Fahnestock and Secor analyzed a small set of literary criticism scholarly articles published between 1978 and 1982 to determine what the rhetoric and genre of literary criticism entails. Using analytical frameworks explained by Aristotle, Cicero, Toulmin, and Perelman and Olbrechts-Tyteca, the authors categorize the stases and topoi most frequently deployed by literary critics in developing their arguments. The stases used are arguing for the existence of something, characterizing it, explaining its cause, and evaluating its quality and value. There were five major topoi used throughout the articles: 1. reality/appearance (what we see on the surface isn’t what is really happening); 2. ubiqutousness (this pattern or thing I found is everywhere!); paradox (collapsing the binary); contemptus mundi (despair in the current state of the world); and paradigm (applying an idea or a concept to a work, like the Oedipus psychoanalysis.) The authors also discuss how literary critics develop their own ethos – through casually referencing other scholarship relating to their own, using elaborate language and metaphor that reflects the complexity of the literature they are discussing, and by promoting the discipline-held value of complexity. They place literary criticism in the epideitic catergory of rhetoric because it promotes cultural values and norms.

Quotable Quotes

“To convince another reader that a work is a ‘classic,’ or simply worth the time it takes to read it, requires appealing to shared criteria of what has value in literature. These criteria certainly change over time, and writers are promoted or demoted from the canon of major works” (83). How canons get formed.

“What is the appeal of the paradox? Why does this violation of Aristotle’s first law of thought surprise and delight us with the impression of discovery and insight that accompanies its formulation? One answer may be that the precise verbal form is itself the attraction, making it seem possible to impose an apparent unity on disparate elements and thus provoke wonder” (88).

“Ultimately all the topoi we have discussed reduce to one fundamental assumption behind critical inquiry: that literature is complex and that to understand it requires patient unraveling, translating, decoding, interpreting, and analyzing” (89).

 Notable Notes

Is literature complex because of literary critics or are literary critics needed because literature is complex? The question to ask! What is the value in seeing literature simply? Does the text take on an authority that the author did not intend? Is it fair to read into a text something that wasn’t intended?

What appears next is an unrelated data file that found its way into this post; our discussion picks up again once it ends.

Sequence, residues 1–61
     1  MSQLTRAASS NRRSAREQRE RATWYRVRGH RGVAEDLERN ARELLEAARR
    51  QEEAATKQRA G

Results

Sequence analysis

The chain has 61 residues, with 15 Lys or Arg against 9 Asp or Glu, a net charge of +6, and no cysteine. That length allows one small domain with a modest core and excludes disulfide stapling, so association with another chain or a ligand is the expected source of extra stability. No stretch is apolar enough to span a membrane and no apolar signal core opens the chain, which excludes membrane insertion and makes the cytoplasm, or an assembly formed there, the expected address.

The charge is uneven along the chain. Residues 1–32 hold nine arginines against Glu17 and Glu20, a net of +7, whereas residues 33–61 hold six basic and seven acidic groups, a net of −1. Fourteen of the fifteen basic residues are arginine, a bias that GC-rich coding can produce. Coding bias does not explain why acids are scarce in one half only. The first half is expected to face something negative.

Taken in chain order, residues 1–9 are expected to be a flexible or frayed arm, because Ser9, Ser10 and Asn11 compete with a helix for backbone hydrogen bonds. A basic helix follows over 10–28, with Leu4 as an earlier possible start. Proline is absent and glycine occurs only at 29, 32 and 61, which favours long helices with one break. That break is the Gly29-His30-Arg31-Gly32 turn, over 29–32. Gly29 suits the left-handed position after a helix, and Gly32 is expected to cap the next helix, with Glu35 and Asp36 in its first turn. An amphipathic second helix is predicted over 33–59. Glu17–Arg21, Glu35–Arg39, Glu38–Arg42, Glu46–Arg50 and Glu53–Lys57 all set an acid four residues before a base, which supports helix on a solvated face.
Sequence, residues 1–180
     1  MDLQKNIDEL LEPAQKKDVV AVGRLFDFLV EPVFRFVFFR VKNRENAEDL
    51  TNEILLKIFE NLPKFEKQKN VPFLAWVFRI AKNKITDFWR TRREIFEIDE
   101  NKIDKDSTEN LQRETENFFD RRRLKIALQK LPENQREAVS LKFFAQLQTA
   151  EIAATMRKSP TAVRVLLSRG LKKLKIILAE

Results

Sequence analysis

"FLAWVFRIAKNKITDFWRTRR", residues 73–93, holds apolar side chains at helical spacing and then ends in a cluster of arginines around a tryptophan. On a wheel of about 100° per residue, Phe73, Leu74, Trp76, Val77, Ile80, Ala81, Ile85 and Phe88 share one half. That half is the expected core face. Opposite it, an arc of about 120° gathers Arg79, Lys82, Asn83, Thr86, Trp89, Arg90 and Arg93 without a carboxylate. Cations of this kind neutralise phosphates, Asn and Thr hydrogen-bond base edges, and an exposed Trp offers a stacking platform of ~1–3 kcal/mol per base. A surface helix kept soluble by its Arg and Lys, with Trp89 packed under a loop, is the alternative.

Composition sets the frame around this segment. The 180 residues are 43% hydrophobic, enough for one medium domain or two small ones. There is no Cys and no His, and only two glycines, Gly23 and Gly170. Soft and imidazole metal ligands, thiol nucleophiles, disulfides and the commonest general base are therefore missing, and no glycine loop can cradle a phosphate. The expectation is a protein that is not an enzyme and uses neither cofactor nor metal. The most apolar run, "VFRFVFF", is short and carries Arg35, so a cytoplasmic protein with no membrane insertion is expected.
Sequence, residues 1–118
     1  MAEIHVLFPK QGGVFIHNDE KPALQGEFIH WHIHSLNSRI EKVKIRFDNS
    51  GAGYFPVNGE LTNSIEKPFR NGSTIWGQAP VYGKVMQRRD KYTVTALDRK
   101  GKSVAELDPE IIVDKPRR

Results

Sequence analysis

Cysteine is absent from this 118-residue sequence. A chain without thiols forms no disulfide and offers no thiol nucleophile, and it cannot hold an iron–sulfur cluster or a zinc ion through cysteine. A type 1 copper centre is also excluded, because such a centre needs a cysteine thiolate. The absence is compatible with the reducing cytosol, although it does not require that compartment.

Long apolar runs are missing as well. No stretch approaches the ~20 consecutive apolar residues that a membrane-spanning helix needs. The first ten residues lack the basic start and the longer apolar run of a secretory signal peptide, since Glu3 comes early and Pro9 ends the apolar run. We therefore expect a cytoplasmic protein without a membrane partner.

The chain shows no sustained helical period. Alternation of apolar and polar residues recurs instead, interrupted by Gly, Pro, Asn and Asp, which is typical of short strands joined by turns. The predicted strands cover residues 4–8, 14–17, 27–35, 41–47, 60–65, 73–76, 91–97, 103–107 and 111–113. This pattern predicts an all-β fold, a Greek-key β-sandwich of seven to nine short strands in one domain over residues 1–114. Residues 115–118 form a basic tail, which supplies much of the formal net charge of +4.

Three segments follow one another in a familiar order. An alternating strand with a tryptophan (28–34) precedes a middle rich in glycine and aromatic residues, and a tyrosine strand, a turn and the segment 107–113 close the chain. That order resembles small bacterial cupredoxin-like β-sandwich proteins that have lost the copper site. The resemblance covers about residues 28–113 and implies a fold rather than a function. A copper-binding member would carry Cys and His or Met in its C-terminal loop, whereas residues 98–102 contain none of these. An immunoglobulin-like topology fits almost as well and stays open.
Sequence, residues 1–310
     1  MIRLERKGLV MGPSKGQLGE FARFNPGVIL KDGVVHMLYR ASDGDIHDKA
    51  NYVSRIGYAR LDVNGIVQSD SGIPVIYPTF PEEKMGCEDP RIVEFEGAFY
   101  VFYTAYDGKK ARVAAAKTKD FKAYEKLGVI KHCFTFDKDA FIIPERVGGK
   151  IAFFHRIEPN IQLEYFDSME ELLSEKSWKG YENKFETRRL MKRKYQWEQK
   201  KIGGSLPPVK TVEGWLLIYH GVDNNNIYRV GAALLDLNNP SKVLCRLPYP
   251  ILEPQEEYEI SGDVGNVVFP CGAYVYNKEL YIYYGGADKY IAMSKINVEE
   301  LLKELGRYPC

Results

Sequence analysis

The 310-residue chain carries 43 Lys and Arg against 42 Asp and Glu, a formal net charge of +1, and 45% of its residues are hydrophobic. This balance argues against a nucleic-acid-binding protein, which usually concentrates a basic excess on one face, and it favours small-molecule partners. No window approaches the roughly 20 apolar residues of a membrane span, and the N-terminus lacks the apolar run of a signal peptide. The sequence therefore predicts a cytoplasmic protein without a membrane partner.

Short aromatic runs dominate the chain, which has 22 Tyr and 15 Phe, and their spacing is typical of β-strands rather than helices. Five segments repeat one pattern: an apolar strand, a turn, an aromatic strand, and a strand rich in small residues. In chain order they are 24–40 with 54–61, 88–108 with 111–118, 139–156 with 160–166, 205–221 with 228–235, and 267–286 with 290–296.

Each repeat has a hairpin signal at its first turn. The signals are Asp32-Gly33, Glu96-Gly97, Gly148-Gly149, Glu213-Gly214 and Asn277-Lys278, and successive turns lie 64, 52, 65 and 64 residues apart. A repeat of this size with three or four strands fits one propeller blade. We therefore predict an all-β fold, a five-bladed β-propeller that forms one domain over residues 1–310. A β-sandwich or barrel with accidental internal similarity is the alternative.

Interesting comparison between literary criticism and religion (94).

Wilder, Laura. “‘The Rhetoric of Literary Criticism’ Revisited: Mistaken Critics, Complex Contexts, and Social Justice.”

Wilder repeats Fahnestock and Secor’s study by investigating the states and topoi used in 28 literary criticism scholarly articles published between 1999 and 2001 from 12 different journals (including the 10 that Fahnestock and Secor used.) She wants to find out how the conventions have changed in twenty years in order both to better understand this discourse community and where it’s going and to assist those who are designing curriculum for introductory courses in literary studies. She finds that the claims in the articles stem from all five of Cicero’s states (F & S saw that most dealt with the first two, existence and definition) and adds three new topoi that the literary critics’ arguments follow: social justice, context, and mistaken critic (hence the title.) The mistaken critic points to an aspect of a text that a previous critic overlooked or interpreted incorrectly, context draws on the sociohistorical situation when the text was written to problematize the text, and social justice finds an aspect of the text that speaks to the current world situation and calls for social action for change (the opposite of the confundus mundi topoi.)

Quotable Quotes

Social justice topoi: “The assumption in this topos is that literature and life are connected – that literature, regardless of when it was written, speaks to our present condition” (98).

Again, social justice topoi: “The rise of the social justice topos may have tipped the balance on which literary critics’ views of history rest: What was once portrayed as modernity fallen from a glorious past is now portaryed as a past and present riddled with problems but reaching toward an improved future” (100).

Notable Notes

Discussion of the influence of cultural studies on literary criticism and the blurry line between literary criticism and theory (88).

This article follows the mistaken critic topos?

Complexity is still the key…How much resolution do we allow now? “But because simple, straightforward explanations of a text are always considered suspect, an interesting tension emerges concerning just how much resolution a critic can provide to a reading of a text” (106). Even goes so far as a celebration of the lack of resolution in the articles.